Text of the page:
This by-now traditional five-day extravaganza for 300 guests has been hosted by Wall Street investment banker Herbert Allen, President and CEO of Allen & Company. There were moguls all over the campground, overflowing with the country’s most influential leaders in business, entertainment and media. I could feel myself developing a severe case of imposter syndrome.

Saturday was Talent Night, and it was absolutely hysterical. Part-time Sun Valley resident Tom Hanks served as the emcee. Warren Buffet was the opening act, with a medley of Jimmy Buffet songs, all sung out of tune. Amazon.com founder Jeff Bezos skillfully juggled five Kindels (wireless electronic books). Edgar Bronfman from Warner Music–dressed like the character Tevya in *Fiddler on the Roof*–sang with zest, “If I Were a Rich Man.” Yahoo CEO Jerry Yang–who had turned down an offer from Microsoft to buy Yahoo earlier this year–sang a duet with the ex-CEO of Microsoft, Bill Gates, harmonizing on a song from *Annie Get Your Gun,* “Anything You Can Do, I Can Do Better.” Meg Whitman of eBay did a striptease, auctioning off each item of clothing, one at a time, and over 3-million dollars was raised for an unnamed charity.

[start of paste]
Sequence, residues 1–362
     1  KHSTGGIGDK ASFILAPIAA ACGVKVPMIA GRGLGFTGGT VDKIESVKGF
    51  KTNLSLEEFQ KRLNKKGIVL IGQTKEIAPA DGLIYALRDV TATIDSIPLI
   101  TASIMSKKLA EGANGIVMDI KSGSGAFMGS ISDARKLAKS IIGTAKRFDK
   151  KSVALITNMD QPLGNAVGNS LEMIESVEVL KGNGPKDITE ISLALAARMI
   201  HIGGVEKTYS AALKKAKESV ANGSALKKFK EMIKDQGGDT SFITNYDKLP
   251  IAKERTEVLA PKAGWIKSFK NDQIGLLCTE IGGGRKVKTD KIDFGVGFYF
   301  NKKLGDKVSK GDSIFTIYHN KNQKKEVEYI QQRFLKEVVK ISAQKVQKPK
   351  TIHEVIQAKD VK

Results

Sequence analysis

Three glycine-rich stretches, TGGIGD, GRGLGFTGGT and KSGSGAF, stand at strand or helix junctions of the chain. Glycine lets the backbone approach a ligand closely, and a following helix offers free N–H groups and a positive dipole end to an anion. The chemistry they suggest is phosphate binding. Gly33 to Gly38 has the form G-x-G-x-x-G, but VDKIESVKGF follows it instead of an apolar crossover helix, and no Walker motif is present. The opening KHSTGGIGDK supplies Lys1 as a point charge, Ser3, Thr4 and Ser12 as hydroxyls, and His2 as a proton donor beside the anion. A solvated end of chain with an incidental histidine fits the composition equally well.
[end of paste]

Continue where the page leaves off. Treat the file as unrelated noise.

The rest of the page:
There had been a lot of drinking in the evening, and it was obviously too much booze that loosened up Fox mogul Rupert Murdoch’s tongue. He was shouting at the moon: “Who says there are 27 million slaves around the fucking world? How would anybody know? Do they have census takers or what? Where can I get one? You tell me! I’ll decide!”

Also, a screaming match broke out between the co-founders of Google, Sergei Brin and Eric Schmidt, over the infamous cover of the *New Yorker,* which depicted Barack and Michelle Obama as the new President and First Lady, as a terrorist couple doing the fist-bump gesture in the Oval Office. Sergei thought it was a brilliant satirical illustration, but Eric thought it was racist and irresponsible.